Color Breakdown

When it comes to choosing fabric, we all know where our own individual tastes and preferences lie. Whether you tend towards a modern or traditional aesthetic, or like a little bit of everything, the one thing that can challenge a lot of people is finding a way to combine colors in a pleasing and functional way. Throughout the month of July, we are going to be providing some insight into the world of color and how it can help take your quilts to the next level.

Understanding color on its own can be difficult enough, but as a quilter you’re combining color, pattern, texture and so much more. So we’re going to walk you through the basics of color theory in hopes that it will give you a better understanding of the world of color and make you a pro at choosing your own fabric combinations.

The “hue” of a color is a way to identify the purest form of a color–that is, a color without tint (adding white) or shade (adding black).

The “temperature” of a color refers to how “hot” or “cold” a color is. For the most part, colors are broken into two categories—warm or cool (although some may say neutrals are a category of their own). Warm colors are perceived as stimulating, vivid, and energetic. Cool colors are calming and give off a soothing impression. Reds, yellows, and oranges make up the warm side of the color wheel while the blues, purples and some greens make up the cool side. Although some give neutrals their own category, for the most part, they can be lumped into either side of the warm and cool spectrum.

Warm Colors:

Cool Colors:

Creating color harmony refers to the “agreement” between colors. The harmony, or lack thereof, of your color scheme can either help or hinder your quilt plans. There are some basic color schemes that can help you to get going in the right direction (i.e. analogous, complementary, monochromatic, etc.). We’ll talk about these color schemes more in-depth next week.



The intensity of a color, sometimes referred to as saturation, or how bright a color is, is determined by how “pure” it is. When you lower the intensity of a color, you are desaturating (or neutralizing) it; removing all of the intensity of a color will make it grayscale.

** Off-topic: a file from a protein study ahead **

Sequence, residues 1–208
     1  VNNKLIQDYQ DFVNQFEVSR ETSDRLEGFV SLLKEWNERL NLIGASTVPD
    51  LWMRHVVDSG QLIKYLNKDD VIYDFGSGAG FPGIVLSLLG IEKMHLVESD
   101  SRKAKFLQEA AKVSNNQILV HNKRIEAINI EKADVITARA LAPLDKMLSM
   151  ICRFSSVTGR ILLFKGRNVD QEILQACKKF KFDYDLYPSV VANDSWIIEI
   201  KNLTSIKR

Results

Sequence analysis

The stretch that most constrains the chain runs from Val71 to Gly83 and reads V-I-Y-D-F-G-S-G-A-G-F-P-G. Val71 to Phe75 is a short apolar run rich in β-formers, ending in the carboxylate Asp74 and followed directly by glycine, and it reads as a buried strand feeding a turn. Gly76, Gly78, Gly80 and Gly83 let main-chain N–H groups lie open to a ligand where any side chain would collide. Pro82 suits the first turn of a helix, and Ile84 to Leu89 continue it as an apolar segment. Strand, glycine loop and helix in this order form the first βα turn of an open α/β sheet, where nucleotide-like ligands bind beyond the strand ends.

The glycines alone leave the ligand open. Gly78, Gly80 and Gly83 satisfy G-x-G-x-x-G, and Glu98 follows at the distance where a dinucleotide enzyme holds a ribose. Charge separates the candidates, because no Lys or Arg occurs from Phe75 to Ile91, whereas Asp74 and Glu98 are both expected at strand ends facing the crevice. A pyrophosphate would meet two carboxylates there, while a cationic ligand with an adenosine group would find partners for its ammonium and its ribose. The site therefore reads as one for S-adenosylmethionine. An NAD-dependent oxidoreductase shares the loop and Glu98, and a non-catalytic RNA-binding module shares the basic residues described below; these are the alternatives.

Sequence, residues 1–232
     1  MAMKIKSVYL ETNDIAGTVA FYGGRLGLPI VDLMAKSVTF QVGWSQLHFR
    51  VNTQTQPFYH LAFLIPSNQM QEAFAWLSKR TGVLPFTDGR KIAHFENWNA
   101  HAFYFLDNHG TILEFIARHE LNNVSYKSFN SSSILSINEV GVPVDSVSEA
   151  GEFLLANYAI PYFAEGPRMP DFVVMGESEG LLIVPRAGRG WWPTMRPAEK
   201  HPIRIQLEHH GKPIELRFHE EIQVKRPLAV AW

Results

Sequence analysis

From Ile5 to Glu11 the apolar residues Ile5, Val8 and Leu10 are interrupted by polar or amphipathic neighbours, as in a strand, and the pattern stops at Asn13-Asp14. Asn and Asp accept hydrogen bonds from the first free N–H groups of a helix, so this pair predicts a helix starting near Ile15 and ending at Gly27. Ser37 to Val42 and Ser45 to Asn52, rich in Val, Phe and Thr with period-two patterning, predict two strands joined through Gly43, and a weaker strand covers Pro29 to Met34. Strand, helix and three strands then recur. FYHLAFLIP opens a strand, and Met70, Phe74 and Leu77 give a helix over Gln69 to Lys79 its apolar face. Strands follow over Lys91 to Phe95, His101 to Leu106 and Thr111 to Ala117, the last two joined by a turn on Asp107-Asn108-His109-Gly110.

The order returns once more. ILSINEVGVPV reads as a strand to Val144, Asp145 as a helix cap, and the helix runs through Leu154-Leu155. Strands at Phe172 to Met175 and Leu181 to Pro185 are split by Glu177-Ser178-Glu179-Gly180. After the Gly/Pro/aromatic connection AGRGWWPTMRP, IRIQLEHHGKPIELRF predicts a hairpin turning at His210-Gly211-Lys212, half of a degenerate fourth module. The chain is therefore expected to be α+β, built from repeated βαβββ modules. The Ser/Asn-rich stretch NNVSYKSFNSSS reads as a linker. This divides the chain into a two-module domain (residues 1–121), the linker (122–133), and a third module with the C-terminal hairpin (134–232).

When you hear mention of the “value” of color, it is referring to the lightness or darkness of a color. If the value of the color were to lighten or darken, its intensity would decrease. Utilizing a wide array of color value within a design can add interest and depth.

One of the most helpful ways to understand color theory is to actually test it out. Play around with your stash experimenting with organizing like values, intensities, or breaking it down into similar color families. When you’re comfortable with your new-found knowledge, start designing! Try out new color combinations and use tools like the design wall to help you visualize your combinations. Don’t quite feel confident enough yet? Check out the Ultimate 3-in-1 Color Tool to give you that extra assistance with finding the perfect combination.


  1. Ceil - July 3, 2013

    Thank you! This was very informative.

  2. Alisha - July 3, 2013

    So helpful! Great job, Katrina!

  3. Barbara Bell - July 3, 2013

    Color selection has always been one of my weaker confidences when designing aa quilt. This was very informative. I look forward to the next lessons. Thanks for providing this valuabke servce!

  4. Dianne - July 4, 2013

    Lots of helpful information regarding color. Most of the time, I can do ok with choosing colors. But, there are times when I really get stuck. This will be of much use at that time. Thanks for this assistance!

  5. Linda Christianson - July 6, 2013

    My problem is that I have two CT fabric that need other fabric to go with them. One being Bed and Breakfast 2009 blue- grey with brown and the other Twilight Frost 2009 Grey with white. I would love to make something out of them but it is hard to match over the internet. I found this out when I wanted to make them into the March sew along. Do you have a way to have color match for your old fabric?

  6. Katrina - July 8, 2013

    Hi Linda –
    Since those collections were before my time here, I deferred your question to the rest of our team. Their suggestions are to rely on existing fabrics. Bed & Breakfast uses Bark, Cream, Denim, Moss, Brick, and Brown. Some coordinates that might also match are Pine, Indigo, Avocado, Steel Blue, and Pumpkin. For Twilight Frost, you could try to find a match within the remaining Shimmering Frost. Some coordinates that might also match are Indigo, Silver Lining, Bluebird, French Blue, and Sapling. The coordinate suggestions might not be a 100% match, but should at least coordinate.
    Hope that helps!